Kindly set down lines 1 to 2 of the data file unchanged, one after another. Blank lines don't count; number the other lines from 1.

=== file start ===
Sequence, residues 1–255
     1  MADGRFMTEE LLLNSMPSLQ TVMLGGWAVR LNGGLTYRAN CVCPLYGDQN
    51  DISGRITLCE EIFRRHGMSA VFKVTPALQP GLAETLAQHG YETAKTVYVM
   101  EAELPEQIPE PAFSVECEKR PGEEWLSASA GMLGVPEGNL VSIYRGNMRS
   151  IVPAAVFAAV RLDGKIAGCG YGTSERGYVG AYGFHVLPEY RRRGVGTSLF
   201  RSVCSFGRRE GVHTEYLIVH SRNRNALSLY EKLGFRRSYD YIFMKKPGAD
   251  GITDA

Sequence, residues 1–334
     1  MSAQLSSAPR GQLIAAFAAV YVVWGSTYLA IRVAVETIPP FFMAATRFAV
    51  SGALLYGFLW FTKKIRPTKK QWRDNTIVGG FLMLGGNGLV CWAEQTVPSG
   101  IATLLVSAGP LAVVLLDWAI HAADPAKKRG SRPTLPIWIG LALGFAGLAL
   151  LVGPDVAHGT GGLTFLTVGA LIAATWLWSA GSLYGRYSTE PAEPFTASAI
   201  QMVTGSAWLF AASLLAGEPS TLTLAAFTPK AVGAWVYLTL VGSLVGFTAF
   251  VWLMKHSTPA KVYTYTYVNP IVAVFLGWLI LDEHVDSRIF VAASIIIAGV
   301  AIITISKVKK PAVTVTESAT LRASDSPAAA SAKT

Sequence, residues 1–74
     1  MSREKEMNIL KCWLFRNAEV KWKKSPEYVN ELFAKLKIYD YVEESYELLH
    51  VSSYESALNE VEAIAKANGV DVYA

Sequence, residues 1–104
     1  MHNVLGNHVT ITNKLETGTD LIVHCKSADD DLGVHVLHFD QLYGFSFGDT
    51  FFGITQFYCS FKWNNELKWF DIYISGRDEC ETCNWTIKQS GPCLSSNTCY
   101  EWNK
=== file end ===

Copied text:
Sequence, residues 1–255
     1  MADGRFMTEE LLLNSMPSLQ TVMLGGWAVR LNGGLTYRAN CVCPLYGDQN